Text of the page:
'Diet dust' advocated as cure for desire to overeat

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It's the ultimate slimming device. "Diet dust" could soon transform the lives of millions of fat people struggling with their weight.

It's the ultimate slimming device. "Diet dust" could soon transform the lives of millions of fat people struggling with their weight.

Scientists say that the dust, which would be sprinkled over food in the same way as salt and pepper, could alter people's moods to make them feel better and eat less.

The new generation of slimming foods, proposed in a forthcoming report by Foresight, the Government-backed futures forecaster, would work withoutmaking people feel they are dieting.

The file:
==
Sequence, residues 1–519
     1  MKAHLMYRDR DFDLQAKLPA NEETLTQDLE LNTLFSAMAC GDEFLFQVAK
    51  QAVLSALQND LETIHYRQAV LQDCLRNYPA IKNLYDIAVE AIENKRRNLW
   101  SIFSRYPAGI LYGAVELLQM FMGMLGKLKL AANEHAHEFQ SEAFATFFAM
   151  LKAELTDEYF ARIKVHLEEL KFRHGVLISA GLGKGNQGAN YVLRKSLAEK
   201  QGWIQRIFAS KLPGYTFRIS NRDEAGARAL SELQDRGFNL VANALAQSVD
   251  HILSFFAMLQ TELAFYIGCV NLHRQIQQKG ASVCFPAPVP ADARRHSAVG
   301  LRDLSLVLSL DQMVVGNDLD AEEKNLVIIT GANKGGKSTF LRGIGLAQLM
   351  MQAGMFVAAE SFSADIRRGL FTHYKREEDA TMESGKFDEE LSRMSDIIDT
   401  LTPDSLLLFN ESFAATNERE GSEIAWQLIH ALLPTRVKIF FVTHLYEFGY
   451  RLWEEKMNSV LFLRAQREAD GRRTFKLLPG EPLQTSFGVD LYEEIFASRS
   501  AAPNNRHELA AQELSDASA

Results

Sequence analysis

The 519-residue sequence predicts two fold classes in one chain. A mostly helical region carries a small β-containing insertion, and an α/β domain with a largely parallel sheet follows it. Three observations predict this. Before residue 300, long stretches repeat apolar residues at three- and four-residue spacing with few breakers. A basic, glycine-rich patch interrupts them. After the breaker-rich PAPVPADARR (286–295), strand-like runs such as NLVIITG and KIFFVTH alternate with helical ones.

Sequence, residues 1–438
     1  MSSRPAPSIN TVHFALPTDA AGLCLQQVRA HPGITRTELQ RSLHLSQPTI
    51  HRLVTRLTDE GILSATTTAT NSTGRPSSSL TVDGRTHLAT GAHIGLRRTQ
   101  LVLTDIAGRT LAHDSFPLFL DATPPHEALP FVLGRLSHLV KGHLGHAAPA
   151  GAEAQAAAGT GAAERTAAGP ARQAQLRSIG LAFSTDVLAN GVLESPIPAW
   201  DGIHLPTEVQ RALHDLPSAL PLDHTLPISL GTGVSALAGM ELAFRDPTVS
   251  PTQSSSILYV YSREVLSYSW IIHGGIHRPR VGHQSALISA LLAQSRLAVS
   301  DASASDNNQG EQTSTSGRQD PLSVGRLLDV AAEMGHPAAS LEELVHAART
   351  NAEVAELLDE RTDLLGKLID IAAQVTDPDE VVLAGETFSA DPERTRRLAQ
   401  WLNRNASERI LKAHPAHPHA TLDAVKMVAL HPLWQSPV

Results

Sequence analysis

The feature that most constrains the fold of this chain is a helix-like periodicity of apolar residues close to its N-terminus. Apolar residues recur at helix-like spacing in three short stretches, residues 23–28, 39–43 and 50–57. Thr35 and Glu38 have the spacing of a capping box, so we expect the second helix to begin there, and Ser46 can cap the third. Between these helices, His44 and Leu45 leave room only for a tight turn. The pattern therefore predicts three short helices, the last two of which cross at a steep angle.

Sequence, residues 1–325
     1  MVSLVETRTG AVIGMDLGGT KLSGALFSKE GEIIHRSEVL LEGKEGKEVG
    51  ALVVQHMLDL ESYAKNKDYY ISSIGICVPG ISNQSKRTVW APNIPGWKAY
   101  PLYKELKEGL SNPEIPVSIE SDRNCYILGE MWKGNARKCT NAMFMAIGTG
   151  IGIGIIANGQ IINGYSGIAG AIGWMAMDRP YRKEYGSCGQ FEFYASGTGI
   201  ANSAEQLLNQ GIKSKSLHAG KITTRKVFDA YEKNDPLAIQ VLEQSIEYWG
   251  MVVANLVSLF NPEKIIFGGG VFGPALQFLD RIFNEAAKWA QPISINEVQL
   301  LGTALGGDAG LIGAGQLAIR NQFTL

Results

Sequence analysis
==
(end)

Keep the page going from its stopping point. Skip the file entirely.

"Diet dust could become a reality if we can safely apply technology to the food chain. It would be an equivalent of aromatherapy, calming appetite instead of senses," said Professor Janet Bainbridge, of the Food Chain and Crops for Industry Panel, of Foresight, and director of the School of Science at the University of Teesside.

In Britain, one person in five is classed as obese.

"Obesity causes personal misery and is becoming an increasing burden on health services in the UK," Prof Bainbridge said. "Slimming aids may be effective in the short term but for a lot of people they are boring and their weight yo-yos as a result."

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